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How AI and machine learning affect irrigators

Irrigators discuss how technology could change at the annual Irrigation Show and Education Week.

Curt Arens

December 22, 2023

3 Min Read
Hundreds of irrigators and irrigation industry professionals wait for the exhibit hall doors to open at the annual Irrigation Show and Education Week
CAN’T WAIT: Hundreds of irrigators and irrigation industry professionals wait for the exhibit hall doors to open at the annual Irrigation Show and Education Week, held this past November in the convention center in San Antonio. Curt Arens

It is really in its infancy. In the irrigation industry, artificial intelligence and machine learning are just now scratching the surface of thousands of potential applications down the road, with only one goal in mind — to optimize water-use efficiency. In other words, to save water.

It’s all about the water, and what that means to food security. At an industry panel discussion at the annual Irrigation Show and Education Week hosted by the Irrigation Association in November in San Antonio, IA President Randy Wood said, “The [irrigation] industry is committed to offering solutions to improve food security, caring for every drop of water, advocating and cultivating a national workforce, and providing services to help ensure that water is available for irrigation for future generations.”

Wood, who is president and CEO of Lindsay Corp. based in Omaha, Neb., added, “This requires our collective efforts and talents toward a common goal, that is through collaboration, elevating the value of wise use of water, ensuring a thriving and growing industry and innovating to protect natural resources.”

From the experts

The panel discussion, moderated by IA CEO Natasha Rankin, included Julie Bushell, vice president of Paige Electric, based in Columbus, Neb.; and Mike Haldane, director of commercial operations for Calsense, based in Carlsbad, Calif.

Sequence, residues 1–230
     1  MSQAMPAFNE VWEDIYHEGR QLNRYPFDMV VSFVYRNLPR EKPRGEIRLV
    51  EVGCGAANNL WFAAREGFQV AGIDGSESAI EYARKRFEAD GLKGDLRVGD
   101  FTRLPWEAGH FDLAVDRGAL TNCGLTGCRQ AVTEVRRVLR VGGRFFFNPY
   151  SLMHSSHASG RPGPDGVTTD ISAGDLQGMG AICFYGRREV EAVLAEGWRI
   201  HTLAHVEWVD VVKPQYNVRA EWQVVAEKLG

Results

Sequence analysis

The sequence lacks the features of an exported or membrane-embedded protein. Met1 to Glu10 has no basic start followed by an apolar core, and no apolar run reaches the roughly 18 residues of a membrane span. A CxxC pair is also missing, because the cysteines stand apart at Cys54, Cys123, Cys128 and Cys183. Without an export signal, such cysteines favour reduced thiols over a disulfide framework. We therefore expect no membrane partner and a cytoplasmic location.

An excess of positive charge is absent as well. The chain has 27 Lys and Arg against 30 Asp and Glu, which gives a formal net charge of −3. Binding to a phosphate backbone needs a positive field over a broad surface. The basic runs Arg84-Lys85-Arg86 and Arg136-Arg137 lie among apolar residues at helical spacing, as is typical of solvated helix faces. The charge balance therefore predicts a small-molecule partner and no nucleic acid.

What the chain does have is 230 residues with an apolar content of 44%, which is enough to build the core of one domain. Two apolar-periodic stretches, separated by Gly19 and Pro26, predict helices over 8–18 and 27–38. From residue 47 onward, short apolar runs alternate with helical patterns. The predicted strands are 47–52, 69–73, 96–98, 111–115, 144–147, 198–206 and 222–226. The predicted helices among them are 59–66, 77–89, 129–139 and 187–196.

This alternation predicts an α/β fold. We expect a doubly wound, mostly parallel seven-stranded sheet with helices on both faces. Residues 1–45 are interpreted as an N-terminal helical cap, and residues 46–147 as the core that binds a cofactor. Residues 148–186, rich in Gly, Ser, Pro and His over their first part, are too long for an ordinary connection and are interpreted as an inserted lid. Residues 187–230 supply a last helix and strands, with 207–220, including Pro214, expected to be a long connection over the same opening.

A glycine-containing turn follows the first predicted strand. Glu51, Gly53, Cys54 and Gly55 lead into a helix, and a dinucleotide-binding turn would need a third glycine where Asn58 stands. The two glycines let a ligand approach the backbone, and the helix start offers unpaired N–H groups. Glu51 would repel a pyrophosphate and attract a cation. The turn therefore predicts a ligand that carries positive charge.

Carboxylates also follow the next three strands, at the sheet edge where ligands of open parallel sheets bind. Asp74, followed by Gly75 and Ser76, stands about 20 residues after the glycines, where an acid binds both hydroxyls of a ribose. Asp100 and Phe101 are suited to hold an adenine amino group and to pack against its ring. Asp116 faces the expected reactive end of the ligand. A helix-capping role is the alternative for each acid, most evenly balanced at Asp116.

“We are just scratching the surface of what is possible,” Haldane said. “We are using AI now for technology or marketing content, tech manuals for instance, so we are able to use AI to optimize the process, draft content that is AI-written in a way that is well structured, using the proper grammar and punctuation. It can give us a first draft of content.”

From a business standpoint, he said that AI is also used in learning management systems, to educate employees on HR topics or cybersecurity.

Speeding the processes and bringing institutional memory into play are important uses for AI, Bushell said.

“It is huge for irrigation and for everyone, offering the ability for the next generation of managers and irrigators to capture the knowledge of water people who have been in the industry for the past 30 or 40 years,” she said. “We will need those tools to be successful.”

Down the road

In the future, Haldane said that he believes AI and machine learning could be used to predict maintenance issues with irrigation equipment, perhaps long before it actually breaks down.

“Maybe we can glean information from a solenoid that is slowing down or a valve that is not closing all the way,” he explained. “If we get that information, we can be more proactive and maybe predict a maintenance issue two months before it happens.”

He also said that in the supply chain, AI can offer logistical ways to optimize the entire system, so supplies are available when there is demand.

For Bushell, as an example, AI can help to look at models of how groundwater pumping is affecting surface water, and similar issues.

“I look at AI as just another set of tools to make what we do more efficient and more effective,” Haldane said. “There are countless ways it can make a big difference in the world over time. It is not a replacement for what we do today, but a complement to help us reach our goals, which is to save water, to optimize the use of water.”

Learn more about the Irrigation Show and Education Week at irrigation.org.

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Irrigation

About the Author(s)

Curt Arens

Editor, Nebraska Farmer

Curt Arens began writing about Nebraska’s farm families when he was in high school. Before joining Farm Progress as a field editor in April 2010, he had worked as a freelance farm writer for 27 years, first for newspapers and then for farm magazines, including Nebraska Farmer.

His real full-time career, however, during that same period was farming his family’s fourth generation land in northeast Nebraska. He also operated his Christmas tree farm and grew black oil sunflowers for wild birdseed. Curt continues to raise corn, soybeans and alfalfa and runs a cow-calf herd.

Curt and his wife Donna have four children, Lauren, Taylor, Zachary and Benjamin. They are active in their church and St. Rose School in Crofton, where Donna teaches and their children attend classes.

Previously, the 1986 University of Nebraska animal science graduate wrote a weekly rural life column, developed a farm radio program and wrote books about farm direct marketing and farmers markets. He received media honors from the Nebraska Forest Service, Center for Rural Affairs and Northeast Nebraska Experimental Farm Association.

He wrote about the spiritual side of farming in his 2008 book, “Down to Earth: Celebrating a Blessed Life on the Land,” garnering a Catholic Press Association award.

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